Looks like the worst is behind us in terms of economic instability; and finally growth and reforms seem to be staging a comeback. One of the immediate tell tale sign is the softening of inflation, in fact the drop in headline inflation figures to an all time low of 5.96% in March 2013 has baffled economists and has called for prompt actions on the part of the Reserve Bank to consider immediate rate cuts and infuse much needed liquidity into the system.
While recent fiscal reforms and policy agility are yet to demonstrate concrete results, few of the prudent measures such as diesel price hike and tighter norms on LPG subsidy mean less cash burnt on wasteful subsidies and more funds available for meaningful public spend. On the industrial output front, FY 13 proved to be one of the worst years in recent history with several of the marquee sectors posting flat to declining growth results. Consumption has remained soft as most preferred to play wait-and-watch. Exports have remained weak partially due to slowdown in the West while on the other hand, imports continue to surge on the back of huge gold rush and surging oil imports thus putting significant strain the country’s balance of payment. Our insatiable hunger for gold is causing serious trade deficit and tremendous pressure on our foreign currency reserves thus leading to an artificial weakening of the Rupee.
Let us take a closer look at some of the facts and figures of the Indian economy. India boasts of a large English speaking base of cost-competitive skilled manpower. Approximately 65% of India’s population in the working age group of 15 to 64 years with a median age of 26.2 years – lower than most countries in the world. Approx. 4.2 million people are added to the talent pool every year, with 4 million graduates and 0.26 million post-graduates. By 2025 India is expected to become the fifth largest consuming country with middle class expected to increase 12 times between 2005 and 2025. Private domestic consumption accounts for 58 % of GDP. Fast growing infrastructure sector Investment on Infrastructure sector doubling in each Five-Year Plan Total investment in infrastructure projected to be around US$1 trillion during the 12th Five Year Plan (2012–2017) – one of the largest in the world, 50% expected to be contributed by the private sector.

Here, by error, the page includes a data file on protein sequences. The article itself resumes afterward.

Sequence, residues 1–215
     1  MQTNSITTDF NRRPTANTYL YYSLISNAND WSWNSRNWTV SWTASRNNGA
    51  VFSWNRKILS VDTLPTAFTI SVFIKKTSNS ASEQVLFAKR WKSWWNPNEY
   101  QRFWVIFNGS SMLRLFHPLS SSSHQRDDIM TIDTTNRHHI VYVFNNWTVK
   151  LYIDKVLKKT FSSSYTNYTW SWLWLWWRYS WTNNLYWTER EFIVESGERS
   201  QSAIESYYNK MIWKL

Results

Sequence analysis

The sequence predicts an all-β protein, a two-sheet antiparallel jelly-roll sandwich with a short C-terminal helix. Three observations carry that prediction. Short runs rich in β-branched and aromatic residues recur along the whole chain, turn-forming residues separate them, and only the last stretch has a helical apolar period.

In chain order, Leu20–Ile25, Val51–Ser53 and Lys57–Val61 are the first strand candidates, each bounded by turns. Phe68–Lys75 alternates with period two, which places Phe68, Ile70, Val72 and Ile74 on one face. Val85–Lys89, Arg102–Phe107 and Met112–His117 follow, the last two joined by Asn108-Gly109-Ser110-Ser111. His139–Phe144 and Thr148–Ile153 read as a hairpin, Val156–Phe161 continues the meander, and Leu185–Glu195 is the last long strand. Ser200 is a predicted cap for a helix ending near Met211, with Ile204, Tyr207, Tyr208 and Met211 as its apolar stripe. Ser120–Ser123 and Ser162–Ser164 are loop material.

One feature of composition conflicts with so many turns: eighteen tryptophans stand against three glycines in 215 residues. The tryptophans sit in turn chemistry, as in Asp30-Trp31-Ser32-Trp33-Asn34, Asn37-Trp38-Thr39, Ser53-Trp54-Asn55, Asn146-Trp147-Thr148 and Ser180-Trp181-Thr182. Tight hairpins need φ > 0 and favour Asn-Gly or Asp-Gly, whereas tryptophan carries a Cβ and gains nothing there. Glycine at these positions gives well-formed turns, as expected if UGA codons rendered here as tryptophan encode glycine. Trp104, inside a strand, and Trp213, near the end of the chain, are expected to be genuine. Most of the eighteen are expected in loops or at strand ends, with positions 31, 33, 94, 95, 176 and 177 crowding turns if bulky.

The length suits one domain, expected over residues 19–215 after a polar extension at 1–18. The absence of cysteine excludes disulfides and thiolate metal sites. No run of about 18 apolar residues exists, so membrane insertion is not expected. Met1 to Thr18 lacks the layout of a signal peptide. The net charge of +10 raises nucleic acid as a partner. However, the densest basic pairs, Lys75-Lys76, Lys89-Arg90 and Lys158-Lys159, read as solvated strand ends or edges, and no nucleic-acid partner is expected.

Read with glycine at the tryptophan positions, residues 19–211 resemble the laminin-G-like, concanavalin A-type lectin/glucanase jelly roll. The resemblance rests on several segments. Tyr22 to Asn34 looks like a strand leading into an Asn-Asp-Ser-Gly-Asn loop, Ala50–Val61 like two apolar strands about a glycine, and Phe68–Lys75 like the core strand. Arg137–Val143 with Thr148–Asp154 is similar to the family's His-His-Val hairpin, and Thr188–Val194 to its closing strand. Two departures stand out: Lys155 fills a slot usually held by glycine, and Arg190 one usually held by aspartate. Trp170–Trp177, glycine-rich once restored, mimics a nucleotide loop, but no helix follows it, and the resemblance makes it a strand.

In 2012-13, GDP growth moderated on account of recessionary conditions in the west and investment slowdown at home. The economy is expected to recover gradually to 6%+ growth in 2013-14. Inflation has shown a downward movement in recent months and stands at 6.8% for February 2013, down from 9.5% in February 2011. Food inflation has remained stubbornly high and is a cause for concern. Supply side bottlenecks are responsible for still high level of food inflation. Deregulation of fuel prices responsible for rising Inflation in fuels. The RBI increased the reverse repo rate and the repo rate several times till October 2011, in order to tame inflation; however, this cycle has peaked and the RBI has started cutting key policy rates since April 2012. The RBI has also reduced the Cash Reserve ratio (CRR) to contain the shortage in liquidity. The CRR has been reduced by 200 basis points since January 2012 releasing funds into the banking system. The RBI has also been conducting Open Market Operations (OMOs) to further ease the liquidity situation. Fiscal Deficit for 2012-13 stood at 5.2% of GDP, lower than the previous year’s level of 5.8%. Budget 2013 has projected a decline in the deficit to 4.8% of GDP in 2013-14. Fiscal Deficit to be progressively reduced to 3.0% by 2016-17. However, subsidies on account of food and fuel may cause a problem.
Monetary Policy and Financial Reforms: Gradual move away from tight monetary stance. Reduction in Statutory Liquidity Ratio (SLR) form 24% to 23%. Cut in Cash Reserve Ratio (CRR) from 4.75% to 4.00%. Easing of repo rate by 100 bps in 2012-13. Cabinet has approved 49% FDI limit (as opposed to 26% currently) in insurance sector; bill needs to be passed in Parliament. FDI limit in Pension funds to be hiked in line with the insurance sector once the PFRDA Bill is passed in Parliament.
What all these indicate is that FY 14 looks to be quite promising. The mood is already upbeat and demand is beginning to show an uptick. What will likely see us through this slump though is a set of measures to stoke growth in the domestic markets. Prudent strategies predicated on deep understanding of consumer needs and trends will prove to be the vital difference between success and failure. It is now clear that recessionary trends in the West is going to take quite a while to reverse; companies that have betted heavily on European assets
are beginning to the pay the price for hubris and empire building tendencies with record losses and write-downs. It is time now for companies to take a realistic view of growth opportunities in domestic markets and rekindle demand at the base of the pyramid, where the majority of growth opportunities still exist in India.